direct finance, basic income, UBI

The Case for People’s Quantitative Easing by Frances Coppola – 2019 reviews

blurb:”In the wake of the 2008 financial crisis, central banks created trillions of dollars of new money, and poured it into financial markets. ‘Quantitative Easing’ (QE) was supposed to prevent deflation and restore economic growth. But the money didn’t go to ordinary people: it went to the rich, who didn’t need it. It went to big corporations and banks – the same banks whose reckless lending caused the crash. This led to a decade of stagnation, not recovery. QE failed. In this book, Frances Coppola makes the case for a ‘people’s QE’, in which the money goes directly to ordinary people and small businesses. She argues that it is the fairest and most effective way of restoring crisis-hit economies and helping to solve the long-term challenges of ageing populations, automation and climate change”

‘Irresponsible bank lending caused the crisis of 2008, and increased inequality dramatically. Bernanke’s Quantitative Easing rewarded banks, and increased inequality further. I agree with Coppola that the next QE should be for the people. Read this book to learn how it would work.’ Steve Keen

‘Frances Coppola is a world expert on commercial and central banking. Her defence of “People’s QE” is a must-read for all those engaged in the debate. No one else could approach this subject more authoritatively.’ Ann Pettifor

Give People Money: The Simple Idea to Solve Inequality and Revolutionise Our Lives by Annie Lowrey – 2018 reviews

“A brilliantly reported, global look at universal basic income–a stipend given to every citizen–and why it might be necessary for our age of rising inequality, persistent poverty, and dazzling technology

Imagine if every month the government deposited $1,000 into your checking account, with nothing expected in return. It sounds crazy, but it has become one of the most influential and hotly debated policy ideas of our time. Futurists, radicals, libertarians, socialists, union representatives, feminists, conservatives, Bernie supporters, development economists, child-care workers, welfare recipients, and politicians from India to Finland to Canada to Mexico–all are talking about UBI.

In this sparkling and provocative book, economics writer Annie Lowrey looks at the global UBI movement. She travels to Kenya to see how a UBI is lifting the poorest people on earth out of destitution, India to see how inefficient government programs are failing the poor, South Korea to interrogate UBI’s intellectual pedigree, and Silicon Valley to meet the tech titans financing UBI pilots in expectation of a world with advanced artificial intelligence and little need for human labor.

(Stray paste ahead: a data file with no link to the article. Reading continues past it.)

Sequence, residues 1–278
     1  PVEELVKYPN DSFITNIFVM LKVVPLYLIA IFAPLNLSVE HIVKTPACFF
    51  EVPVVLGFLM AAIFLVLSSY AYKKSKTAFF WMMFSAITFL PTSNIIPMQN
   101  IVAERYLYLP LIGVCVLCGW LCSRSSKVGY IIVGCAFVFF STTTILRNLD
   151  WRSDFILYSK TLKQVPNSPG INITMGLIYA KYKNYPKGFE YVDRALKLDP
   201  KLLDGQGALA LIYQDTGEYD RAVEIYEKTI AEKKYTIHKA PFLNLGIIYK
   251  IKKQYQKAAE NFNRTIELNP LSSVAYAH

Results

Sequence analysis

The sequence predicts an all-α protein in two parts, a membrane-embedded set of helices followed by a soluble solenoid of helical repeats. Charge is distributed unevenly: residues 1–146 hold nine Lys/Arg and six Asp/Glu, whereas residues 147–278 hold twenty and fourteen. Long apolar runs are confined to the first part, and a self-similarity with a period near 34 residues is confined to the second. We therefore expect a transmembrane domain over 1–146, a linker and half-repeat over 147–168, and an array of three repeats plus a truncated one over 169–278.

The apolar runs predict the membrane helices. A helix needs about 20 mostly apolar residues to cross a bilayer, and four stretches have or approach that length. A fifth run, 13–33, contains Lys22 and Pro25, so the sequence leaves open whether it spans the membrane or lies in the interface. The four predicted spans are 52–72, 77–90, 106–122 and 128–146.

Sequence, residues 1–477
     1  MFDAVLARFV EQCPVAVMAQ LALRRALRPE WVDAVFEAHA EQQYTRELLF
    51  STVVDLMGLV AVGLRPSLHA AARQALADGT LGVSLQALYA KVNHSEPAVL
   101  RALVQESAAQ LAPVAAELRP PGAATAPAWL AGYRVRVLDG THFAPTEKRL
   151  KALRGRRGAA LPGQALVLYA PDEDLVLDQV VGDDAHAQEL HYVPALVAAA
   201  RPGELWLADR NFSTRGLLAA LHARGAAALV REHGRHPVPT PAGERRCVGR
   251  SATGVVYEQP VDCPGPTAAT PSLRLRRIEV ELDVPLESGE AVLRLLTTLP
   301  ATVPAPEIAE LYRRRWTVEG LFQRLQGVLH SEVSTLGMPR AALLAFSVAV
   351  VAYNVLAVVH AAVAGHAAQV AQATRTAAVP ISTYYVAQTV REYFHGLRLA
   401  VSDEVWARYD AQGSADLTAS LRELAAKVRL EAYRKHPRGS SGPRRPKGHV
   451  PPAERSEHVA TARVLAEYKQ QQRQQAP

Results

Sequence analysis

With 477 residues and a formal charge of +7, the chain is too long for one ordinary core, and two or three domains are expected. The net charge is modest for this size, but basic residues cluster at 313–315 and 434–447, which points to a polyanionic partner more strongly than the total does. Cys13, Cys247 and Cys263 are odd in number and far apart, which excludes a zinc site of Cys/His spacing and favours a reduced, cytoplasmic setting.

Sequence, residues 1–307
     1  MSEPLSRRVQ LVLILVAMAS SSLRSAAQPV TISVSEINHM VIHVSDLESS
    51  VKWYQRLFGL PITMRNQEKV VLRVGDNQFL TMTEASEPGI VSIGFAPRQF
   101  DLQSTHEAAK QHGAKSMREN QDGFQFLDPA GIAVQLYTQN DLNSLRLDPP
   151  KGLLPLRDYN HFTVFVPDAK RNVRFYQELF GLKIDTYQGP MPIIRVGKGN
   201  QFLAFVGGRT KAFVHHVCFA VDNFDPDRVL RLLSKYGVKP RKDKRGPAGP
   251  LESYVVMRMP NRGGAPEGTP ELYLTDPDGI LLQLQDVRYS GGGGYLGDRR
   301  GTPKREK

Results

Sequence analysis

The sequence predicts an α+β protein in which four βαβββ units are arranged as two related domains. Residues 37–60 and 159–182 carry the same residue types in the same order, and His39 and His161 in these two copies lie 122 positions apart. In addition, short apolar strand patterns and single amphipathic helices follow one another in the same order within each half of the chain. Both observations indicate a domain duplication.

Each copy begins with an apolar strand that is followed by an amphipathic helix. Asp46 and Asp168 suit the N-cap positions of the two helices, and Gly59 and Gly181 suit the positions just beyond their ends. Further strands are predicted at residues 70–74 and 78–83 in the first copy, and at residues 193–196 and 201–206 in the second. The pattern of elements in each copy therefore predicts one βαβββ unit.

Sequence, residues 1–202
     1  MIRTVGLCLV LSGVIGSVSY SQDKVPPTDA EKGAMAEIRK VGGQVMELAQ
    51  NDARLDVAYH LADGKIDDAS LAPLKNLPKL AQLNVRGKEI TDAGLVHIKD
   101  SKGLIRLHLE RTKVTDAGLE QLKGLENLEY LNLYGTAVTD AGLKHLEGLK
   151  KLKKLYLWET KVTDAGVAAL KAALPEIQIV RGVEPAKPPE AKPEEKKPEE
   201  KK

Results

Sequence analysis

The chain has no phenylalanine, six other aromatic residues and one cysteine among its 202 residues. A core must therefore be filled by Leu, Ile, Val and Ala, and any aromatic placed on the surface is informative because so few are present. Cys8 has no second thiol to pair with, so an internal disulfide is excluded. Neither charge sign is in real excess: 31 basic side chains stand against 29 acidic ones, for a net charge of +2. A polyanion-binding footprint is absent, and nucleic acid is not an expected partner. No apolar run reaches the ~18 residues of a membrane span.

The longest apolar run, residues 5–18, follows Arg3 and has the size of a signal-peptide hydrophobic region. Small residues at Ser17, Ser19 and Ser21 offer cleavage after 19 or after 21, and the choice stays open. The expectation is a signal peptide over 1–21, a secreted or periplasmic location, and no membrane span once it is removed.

Lowrey examines the potential of such a sweeping policy and the challenges the movement faces, among them contradictory aims, uncomfortable costs, and, most powerfully, the entrenched belief that no one should get something for nothing. She shows how this arcane policy offers not only a potential answer for our most intractable economic and social problems, but also a better foundation for our society in this age of turbulence and marvels.”

Give People Money is extraordinary, and the world has never needed it more. Annie Lowrey has a talent for making radical ideas feel not just possible―but necessary. This is a book that could change everything. ― Jessica Valenti, Guardian columnist

Give People Money is about Universal Basic Income in the way that Moby Dick is about a whale. If you want to learn about UBI, read this book. If you don’t care about UBI, but you’re interested in how technology is changing our economy, how the character of work is transforming, what poverty looks like globally, and how governments might more ably aid their citizens, then you really must read this book. ― Shamus Khan, Professor of Sociology at Columbia and author of PRIVILEGE

Send everyone a monthly check? Eliminate all welfare bureaucracies? Even if you don’t believe that technology reduces the total number of jobs, the idea of a universal basic income is worth analyzing. In this provocative book, Annie Lowrey explores the history, practicality, and philosophical basis of an idea now drawing attention from all points on the political spectrum ― Walter Isaacson

Like it or hate it, the UBI is the biggest social policy idea of the 21st century so far. Annie Lowrey’s book is the best study yet of the world’s experiences with UBI. It deserves acclaim and, more important, the close attention of policy makers ― Lawrence H. Summers, former Treasury Secretary of the United States

A fantastic introduction to UBI that’s both thorough and accessible. ― Albert Wenger, Union Square Ventures –This text refers to the paperback edition.

Basic Income: And How We Can Make It Happen by Guy Standing – 2017 reviews

blurb: Shouldn’t everyone receive a stake in society’s wealth? Could we create a fairer world by granting a guaranteed income to all? What would this mean for our health, wealth and happiness? Basic Income is a regular cash transfer from the state, received by all individual citizens. It is an acknowledgement that everyone plays a part in generating the wealth currently enjoyed only by a few. Political parties across the world are now adopting it as official policy and the idea generates headlines every day. Guy Standing has been at the forefront of thought about Basic Income for the past thirty years, and in this book he covers in authoritative detail its effects on the economy, poverty, work and labour; dissects and disproves the standard arguments against Basic Income; explains what we can learn from pilots across the world and illustrates exactly why a Basic Income has now become such an urgent necessity.

‘Basic Income is an idea whose time has come, and Guy Standing has pioneered our understanding of it… Standing’s analysis is vital’ Paul Mason

‘Guy Standing has been at the forefront of the movement for nearly 4 decades, and in this superb and thorough survey he explains how it works and why it has the potential to revitalise life and democracy in our societies. This is an essential book.’ Brian Eno 2021 Why a basic income, and why is now the time? Field-notes from Ireland during the Covid-19 pandemic – by Kevin Ryan